By Yereth Rosen
ANCHORAGE (Reuters) - A large 7.0 magnitude earthquake struck early on Friday in waters 57 miles off the remote Alaska island of Adak, a former U.S. Navy station that is now a commercial fishing and maritime-service center, according to the U.S. Geological Survey.
There were no initial reports of damage, and the West Coast and Alaska Tsunami Warning Center said there was no tsunami watch, warning or advisory in effect.
"At this point, we've seen no ocean-surface disturbance," said Bill Knight, a scientist at the tsunami warning center in Palmer, Alaska. While no tsunami was expected, he said scientists were still monitoring the area for any earthquake-induced waves.
The earthquake, which struck at 8:25 a.m. Alaska Daylight Time, was strongly felt in Adak, about 1,300 miles southwest of Anchorage, said City Manager Layton Lockett.
"It was kind of hard to miss," Lockett said. "The strangest thing about this one was its length in time. I think people actually had time to get out of bed to see what was going on."
A magnitude 7 earthquake is likely to produce shaking that lasts 20 to 30 seconds, although it could last longer depending on local tectonics, Knight said.
A public radio station in Unalaska/Dutch Harbor, KUCB, interviewed a woman in Adak who said she timed the temblor at 40 seconds. The earthquake was followed by about 10 aftershocks of magnitude 3.5 or higher, Knight said.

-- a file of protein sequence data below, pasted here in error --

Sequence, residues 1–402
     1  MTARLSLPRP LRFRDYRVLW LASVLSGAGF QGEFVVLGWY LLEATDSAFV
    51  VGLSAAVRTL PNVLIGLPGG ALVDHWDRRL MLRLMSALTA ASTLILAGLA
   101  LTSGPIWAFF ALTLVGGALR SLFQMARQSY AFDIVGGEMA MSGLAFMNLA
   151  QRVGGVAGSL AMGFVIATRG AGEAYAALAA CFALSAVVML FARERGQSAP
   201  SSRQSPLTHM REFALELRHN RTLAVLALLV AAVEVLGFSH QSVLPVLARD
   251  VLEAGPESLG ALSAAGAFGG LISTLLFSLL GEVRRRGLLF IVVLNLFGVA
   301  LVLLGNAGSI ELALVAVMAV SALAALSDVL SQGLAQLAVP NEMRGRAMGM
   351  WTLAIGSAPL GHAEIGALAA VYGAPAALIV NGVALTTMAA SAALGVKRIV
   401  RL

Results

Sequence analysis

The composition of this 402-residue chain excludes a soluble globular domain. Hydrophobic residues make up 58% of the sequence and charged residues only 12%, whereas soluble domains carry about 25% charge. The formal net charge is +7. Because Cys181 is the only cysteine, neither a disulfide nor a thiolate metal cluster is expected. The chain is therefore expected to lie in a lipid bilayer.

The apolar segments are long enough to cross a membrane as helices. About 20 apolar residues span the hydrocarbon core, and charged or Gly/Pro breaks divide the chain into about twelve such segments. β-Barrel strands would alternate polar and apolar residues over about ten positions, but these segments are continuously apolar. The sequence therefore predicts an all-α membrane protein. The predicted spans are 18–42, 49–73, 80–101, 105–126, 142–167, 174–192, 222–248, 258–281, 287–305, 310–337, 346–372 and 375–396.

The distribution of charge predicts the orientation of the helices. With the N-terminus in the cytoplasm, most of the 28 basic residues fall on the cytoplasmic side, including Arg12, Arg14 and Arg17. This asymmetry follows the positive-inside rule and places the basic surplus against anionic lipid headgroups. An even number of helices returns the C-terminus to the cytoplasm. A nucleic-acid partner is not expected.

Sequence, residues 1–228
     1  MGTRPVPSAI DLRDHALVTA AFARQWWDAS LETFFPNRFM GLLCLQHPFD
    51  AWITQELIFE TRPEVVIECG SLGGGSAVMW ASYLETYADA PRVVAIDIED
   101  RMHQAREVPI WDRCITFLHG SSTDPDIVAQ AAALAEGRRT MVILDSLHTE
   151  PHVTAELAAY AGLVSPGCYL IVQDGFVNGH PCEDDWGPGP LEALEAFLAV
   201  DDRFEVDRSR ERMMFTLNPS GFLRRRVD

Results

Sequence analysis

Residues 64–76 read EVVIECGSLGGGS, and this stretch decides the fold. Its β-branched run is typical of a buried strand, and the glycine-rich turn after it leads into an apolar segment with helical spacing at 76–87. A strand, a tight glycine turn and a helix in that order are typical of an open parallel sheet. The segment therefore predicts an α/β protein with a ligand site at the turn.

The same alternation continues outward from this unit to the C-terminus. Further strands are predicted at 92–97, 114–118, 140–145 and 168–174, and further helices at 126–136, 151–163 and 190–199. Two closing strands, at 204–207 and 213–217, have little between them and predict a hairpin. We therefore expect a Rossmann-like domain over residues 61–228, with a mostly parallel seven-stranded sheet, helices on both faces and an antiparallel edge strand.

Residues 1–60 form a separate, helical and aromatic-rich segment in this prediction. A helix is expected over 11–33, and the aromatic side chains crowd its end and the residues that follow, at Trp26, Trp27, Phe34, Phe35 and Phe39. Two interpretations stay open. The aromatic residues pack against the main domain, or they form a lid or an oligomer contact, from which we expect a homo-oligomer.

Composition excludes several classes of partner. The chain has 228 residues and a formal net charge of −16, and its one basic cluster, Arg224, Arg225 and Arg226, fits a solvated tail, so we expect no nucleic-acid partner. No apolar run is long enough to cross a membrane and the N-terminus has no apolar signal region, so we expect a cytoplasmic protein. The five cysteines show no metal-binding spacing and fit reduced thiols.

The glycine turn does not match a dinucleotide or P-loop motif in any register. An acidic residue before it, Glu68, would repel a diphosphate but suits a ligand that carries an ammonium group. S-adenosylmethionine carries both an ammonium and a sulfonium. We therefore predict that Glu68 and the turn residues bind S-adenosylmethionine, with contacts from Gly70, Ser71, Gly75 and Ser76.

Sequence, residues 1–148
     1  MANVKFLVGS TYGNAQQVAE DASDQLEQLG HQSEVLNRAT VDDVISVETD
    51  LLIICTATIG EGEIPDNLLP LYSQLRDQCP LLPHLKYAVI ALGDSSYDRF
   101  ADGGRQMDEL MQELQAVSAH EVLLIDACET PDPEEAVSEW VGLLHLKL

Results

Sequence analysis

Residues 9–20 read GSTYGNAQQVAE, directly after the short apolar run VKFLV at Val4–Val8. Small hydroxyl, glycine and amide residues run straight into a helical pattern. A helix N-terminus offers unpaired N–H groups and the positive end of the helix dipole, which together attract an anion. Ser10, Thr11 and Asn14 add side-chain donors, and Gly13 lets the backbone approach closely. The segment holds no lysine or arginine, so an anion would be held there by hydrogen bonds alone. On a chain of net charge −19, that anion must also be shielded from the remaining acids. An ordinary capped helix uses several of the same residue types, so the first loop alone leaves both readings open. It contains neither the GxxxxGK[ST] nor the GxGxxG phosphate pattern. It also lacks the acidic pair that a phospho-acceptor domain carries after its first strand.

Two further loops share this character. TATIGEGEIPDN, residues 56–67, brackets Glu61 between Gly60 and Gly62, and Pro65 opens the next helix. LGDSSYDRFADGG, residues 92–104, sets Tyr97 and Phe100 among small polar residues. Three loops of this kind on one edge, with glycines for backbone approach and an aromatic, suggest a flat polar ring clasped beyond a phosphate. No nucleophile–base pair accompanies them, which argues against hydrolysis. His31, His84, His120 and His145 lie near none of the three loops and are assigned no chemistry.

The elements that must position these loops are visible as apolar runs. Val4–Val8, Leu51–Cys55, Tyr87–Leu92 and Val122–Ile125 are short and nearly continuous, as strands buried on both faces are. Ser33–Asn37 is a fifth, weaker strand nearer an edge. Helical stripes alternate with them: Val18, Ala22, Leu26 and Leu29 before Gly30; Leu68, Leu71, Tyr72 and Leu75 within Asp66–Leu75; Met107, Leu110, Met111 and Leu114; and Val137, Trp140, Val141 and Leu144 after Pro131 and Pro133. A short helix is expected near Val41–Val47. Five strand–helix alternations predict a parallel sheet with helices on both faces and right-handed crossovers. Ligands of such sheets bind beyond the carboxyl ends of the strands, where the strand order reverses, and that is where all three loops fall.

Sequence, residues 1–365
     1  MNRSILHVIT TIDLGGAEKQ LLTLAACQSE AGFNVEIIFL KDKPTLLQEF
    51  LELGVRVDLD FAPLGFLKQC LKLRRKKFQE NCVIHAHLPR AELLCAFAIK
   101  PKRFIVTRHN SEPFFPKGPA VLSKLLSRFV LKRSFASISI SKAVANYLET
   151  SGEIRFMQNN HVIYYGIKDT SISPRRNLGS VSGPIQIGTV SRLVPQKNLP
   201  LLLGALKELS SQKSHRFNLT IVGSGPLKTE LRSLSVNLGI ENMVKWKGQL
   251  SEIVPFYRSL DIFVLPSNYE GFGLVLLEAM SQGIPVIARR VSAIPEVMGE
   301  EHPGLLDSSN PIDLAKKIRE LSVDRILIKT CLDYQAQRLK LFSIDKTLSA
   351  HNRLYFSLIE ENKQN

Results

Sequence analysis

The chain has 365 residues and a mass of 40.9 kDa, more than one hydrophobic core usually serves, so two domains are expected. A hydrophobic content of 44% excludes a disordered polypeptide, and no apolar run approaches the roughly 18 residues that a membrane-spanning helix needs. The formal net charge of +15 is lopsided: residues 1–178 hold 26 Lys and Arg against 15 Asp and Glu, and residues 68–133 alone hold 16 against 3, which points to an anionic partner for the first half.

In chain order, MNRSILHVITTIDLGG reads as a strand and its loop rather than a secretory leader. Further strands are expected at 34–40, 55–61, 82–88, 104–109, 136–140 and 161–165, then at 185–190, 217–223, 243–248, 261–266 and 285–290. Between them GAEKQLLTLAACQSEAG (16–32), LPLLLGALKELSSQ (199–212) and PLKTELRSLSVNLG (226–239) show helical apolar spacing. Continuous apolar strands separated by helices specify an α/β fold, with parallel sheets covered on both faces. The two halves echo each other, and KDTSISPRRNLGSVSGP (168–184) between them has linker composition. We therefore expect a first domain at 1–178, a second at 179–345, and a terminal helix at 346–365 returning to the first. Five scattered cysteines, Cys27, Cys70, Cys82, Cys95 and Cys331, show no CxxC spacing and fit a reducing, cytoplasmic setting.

Most structures in Adak can withstand earthquakes and other forces of nature, and any damage would likely be limited to water pipes and similar facilities that have yet to be fully examined, Lockett said.
"Generally, the buildings are built really strong. We do live on a volcano," he said of the town, which state records indicate has 321 residents.
There are two volcanoes on Adak Island, along with remnants of a third volcano, according to the Alaska Volcano Observatory.
The quake was also felt in Atka, a tiny Aleutian Island Native Aleut village 65 miles northeast of the quake's center, where Knight said callers reported "strong shaking" but no damage.
(Additional reporting by Bill Rigby in Seattle; Editing by Cynthia Johnston, Bernadette Baum and Andrew Hay)
- Natural Phenomena
- Nature & Environment
- Bill Knight